Scott Morrison has said we'll face at least 6 months of disruption. Where does that number come from?

• Written by Joel Miller, Senior lecturer, Applied Mathematics, La Trobe University

Scott Morrison yesterday warned Australians will face at least six months of disturbance to our day-to-day lives as we navigate the coronavirus pandemic.

Social distancing measures such as restrictions on large group gatherings and events won’t just be in place until next week or the week after.

But where does that six month number come from?

It’s a combination of modelling and simulation using observational data from the COVID-19 pandemic worldwide, and historical data from past pandemics.

Read more: Explainer: what is herd immunity?

Pandemics past

By way of comparison, the H1N1 influenza pandemic reached Australia in early May 2009 and finally petered out five to six months later.

This was because of seasonal changes as well as more and more people becoming immune to the infection (that’s the concept of herd immunity).

The Conversation, CC BY-ND Mathematical modelling Based on observed early growth rates, in the absence of any containment measures, we would anticipate COVID-19 to have a similar epidemic curve to H1N1. We can predict this using disease parameters estimated from Chinese and European data and a highly simplified mathematical model. The typical infected person causes about 2.5 new infections (this is called the reproduction number, or R0). The Conversation, CC BY-ND Without any intervention, the epidemic would grow until depletion of susceptible people slows the growth. The prevalence would start to fall when the susceptible population reaches what’s called a critical fraction, 1/R0. Once we pass this threshold a person with COVID-19 will only transmit the virus to less than one other person (because fewer people remain susceptible to infection). For a population of 25 million like Australia, this would require 15 about million infections. COVID-19’s observed doubling time has been about four days. That means every four days the number of cases has been roughly double what it was four days prior. We would calculate it takes about three months for one infection doubling every four days to cause 15 million infections. After the peak, we expect the total time to drop to be about the same as it took to rise. This gives a crude prediction of six months. Read more: How to flatten the curve of coronavirus, a mathematician explains Since we’re presumably partway into the epidemic, we might expect less than six months remaining. However, reality introduces many adjustments to this: the doubling slows down as we approach the peak, there is variation in individual behaviours, the geographic structure of Australia will influence the spread, and social distancing will have an impact. Thankfully, these adjustments significantly lower the predicted number of infections and the predicted peak prevalence, while the duration increases. Computer simulations To make our model more realistic we turn to computer simulations. These simulations draw on sources like census data and transportation networks to predict how disease would spread through a population. When we introduce interventions like those Scott Morrison has announced, our simulations show us COVID-19 infects fewer people and has a lower peak, but it lasts longer because it takes longer for immunity to build up. This is called flattening the curve. Flattening the curve is another way of saying slowing the spread. The epidemic is lengthened, but we reduce the number of severe cases, causing less burden on public health systems. The Conversation/CC BY NDIn the case of COVID-19, we must intervene and do so aggressively. We cannot wait for herd immunity to develop. Unlike the H1N1 pandemic, where Australia only reported 191 deaths, COVID-19 threatens to overwhelm our health system many times over. Interventions like social distancing, by facilitating fewer infections, can give us time to obtain more ventilators and other essential equipment, and develop improved control strategies. These might rely on new phone apps for contact tracing, or increased testing, for example. If these measures are effective enough, perhaps we can drive the reproductive number below 1 and then progressively relax interventions while keeping our hospitals below capacity. At the very least, the government’s advice on social distancing will flatten the curve and extend the epidemic so more patients arrive at hospitals that have capacity to treat them. We’ll need to have these measures in place for at least six months. There are many uncertainties, but I’m hoping for a long-lasting epidemic. Read more: How do we detect if coronavirus is spreading in the community?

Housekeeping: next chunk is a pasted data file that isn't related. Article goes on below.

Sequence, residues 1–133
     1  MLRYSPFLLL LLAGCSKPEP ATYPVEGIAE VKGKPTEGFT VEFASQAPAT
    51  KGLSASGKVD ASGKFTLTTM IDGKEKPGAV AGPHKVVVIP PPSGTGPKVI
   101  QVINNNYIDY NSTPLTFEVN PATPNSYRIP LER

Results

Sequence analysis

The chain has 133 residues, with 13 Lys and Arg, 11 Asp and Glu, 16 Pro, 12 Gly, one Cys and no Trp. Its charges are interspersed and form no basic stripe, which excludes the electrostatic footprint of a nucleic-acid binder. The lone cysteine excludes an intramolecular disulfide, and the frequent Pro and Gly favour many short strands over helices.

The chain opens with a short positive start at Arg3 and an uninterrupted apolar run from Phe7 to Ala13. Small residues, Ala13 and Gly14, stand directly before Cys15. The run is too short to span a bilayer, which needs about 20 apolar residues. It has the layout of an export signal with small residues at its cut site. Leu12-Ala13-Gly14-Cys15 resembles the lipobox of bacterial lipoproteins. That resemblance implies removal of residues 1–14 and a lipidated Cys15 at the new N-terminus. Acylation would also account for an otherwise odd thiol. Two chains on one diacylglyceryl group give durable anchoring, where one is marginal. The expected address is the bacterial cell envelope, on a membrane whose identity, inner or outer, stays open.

Authors: Joel Miller, Senior lecturer, Applied Mathematics, La Trobe University

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